I'm afraid I don't quite follow the argument re AI/UNESCO. The lead par states " On May 17, 2004, AI pulled out of a UNESCO meeting because it found Hoffman's position on the "war on terror" too US-centric".
However on reading the AI release and the summary of Hoffman's paper neither indicates that the withdrawal was because the presentation was "too US-Centric". Maybe that is stated somewhere else.
The AI release seems to respond to an unspecified accusation that the paper would introduce "new issues" but it is unclear what these were. On my reading of the abstract there's nothing there that I wouldn't expect AI to say so I'm not sure that it lends weight to the description of it being "too "US-centric". Or is there something I'm missing? (If so, I suspect other readers will have the same problem). I think the problem is that the term "US-centric" is ambiguous as to what the specific criticisms were.--Bob Burton 17:47, 11 Dec 2004 (EST)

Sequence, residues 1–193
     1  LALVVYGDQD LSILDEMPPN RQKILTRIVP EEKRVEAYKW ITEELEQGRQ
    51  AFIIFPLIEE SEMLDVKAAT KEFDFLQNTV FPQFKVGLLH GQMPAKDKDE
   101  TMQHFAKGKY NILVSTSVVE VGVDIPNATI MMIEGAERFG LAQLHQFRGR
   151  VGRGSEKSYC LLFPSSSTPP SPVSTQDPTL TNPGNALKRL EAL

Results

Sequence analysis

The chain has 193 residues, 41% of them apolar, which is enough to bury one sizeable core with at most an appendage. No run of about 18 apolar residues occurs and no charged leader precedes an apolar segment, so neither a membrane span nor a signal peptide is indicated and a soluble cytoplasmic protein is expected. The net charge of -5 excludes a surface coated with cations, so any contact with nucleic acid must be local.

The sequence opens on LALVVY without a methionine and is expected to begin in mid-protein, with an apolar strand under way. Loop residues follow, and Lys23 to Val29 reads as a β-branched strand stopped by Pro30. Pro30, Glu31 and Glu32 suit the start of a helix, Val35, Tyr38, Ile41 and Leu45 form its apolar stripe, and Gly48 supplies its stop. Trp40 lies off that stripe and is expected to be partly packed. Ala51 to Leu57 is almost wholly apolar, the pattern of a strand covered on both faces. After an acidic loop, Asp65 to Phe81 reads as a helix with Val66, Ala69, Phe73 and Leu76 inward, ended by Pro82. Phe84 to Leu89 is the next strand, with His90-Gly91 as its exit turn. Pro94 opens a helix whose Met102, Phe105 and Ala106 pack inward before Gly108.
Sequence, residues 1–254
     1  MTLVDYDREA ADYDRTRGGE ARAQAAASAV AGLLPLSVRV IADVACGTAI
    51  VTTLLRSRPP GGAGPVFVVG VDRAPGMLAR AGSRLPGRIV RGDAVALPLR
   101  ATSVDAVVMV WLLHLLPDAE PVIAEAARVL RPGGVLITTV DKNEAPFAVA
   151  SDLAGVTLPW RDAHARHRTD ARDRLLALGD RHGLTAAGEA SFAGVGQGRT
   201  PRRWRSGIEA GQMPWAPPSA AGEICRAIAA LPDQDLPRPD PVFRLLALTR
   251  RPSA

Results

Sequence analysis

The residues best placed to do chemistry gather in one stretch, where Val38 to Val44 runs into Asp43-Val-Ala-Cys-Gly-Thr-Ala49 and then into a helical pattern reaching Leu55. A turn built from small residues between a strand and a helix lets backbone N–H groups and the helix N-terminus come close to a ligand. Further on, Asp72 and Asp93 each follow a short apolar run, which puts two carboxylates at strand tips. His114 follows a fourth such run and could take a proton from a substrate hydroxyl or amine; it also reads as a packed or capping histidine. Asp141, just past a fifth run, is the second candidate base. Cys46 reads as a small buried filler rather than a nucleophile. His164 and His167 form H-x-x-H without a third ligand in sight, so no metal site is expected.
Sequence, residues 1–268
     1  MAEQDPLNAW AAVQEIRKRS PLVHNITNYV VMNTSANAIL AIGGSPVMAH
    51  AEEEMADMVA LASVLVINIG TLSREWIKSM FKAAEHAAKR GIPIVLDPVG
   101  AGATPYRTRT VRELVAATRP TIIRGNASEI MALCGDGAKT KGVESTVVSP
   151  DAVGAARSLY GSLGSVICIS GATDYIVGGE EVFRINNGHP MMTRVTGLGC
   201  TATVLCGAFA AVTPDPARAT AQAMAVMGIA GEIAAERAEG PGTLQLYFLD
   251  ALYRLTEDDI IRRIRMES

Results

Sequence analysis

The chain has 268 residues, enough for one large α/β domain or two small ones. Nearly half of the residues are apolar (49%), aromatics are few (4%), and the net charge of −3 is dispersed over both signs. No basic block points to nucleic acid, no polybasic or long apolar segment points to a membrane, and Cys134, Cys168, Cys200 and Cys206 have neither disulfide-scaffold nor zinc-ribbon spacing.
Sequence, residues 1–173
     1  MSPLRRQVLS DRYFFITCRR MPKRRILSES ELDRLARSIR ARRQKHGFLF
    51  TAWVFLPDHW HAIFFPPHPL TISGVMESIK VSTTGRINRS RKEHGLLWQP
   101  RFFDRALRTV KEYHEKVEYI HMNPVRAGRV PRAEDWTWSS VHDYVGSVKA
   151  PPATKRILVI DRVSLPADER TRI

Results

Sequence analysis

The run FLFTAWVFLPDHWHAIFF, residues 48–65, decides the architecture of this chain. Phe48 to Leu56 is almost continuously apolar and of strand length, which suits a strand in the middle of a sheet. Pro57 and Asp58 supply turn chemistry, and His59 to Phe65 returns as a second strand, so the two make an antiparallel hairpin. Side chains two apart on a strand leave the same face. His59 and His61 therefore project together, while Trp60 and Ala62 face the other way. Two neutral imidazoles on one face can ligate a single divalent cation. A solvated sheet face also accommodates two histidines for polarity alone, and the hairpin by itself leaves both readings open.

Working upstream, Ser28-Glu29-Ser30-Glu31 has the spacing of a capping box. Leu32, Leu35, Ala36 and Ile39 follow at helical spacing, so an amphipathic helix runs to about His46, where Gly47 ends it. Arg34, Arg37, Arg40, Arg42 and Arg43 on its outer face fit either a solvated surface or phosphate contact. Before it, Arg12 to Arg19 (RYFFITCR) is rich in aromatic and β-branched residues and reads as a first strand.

Yes, I will expand on this. I am looking for the references online, and may rewrite this to put it in context with the recent ruminations by Schulz. Schulz & Hoffman are pushing the same theme. John Pilger has some references about this, and I will attach my criticism of Schulz and tie it in with the Hoffman incident.
Kind rgds PaulR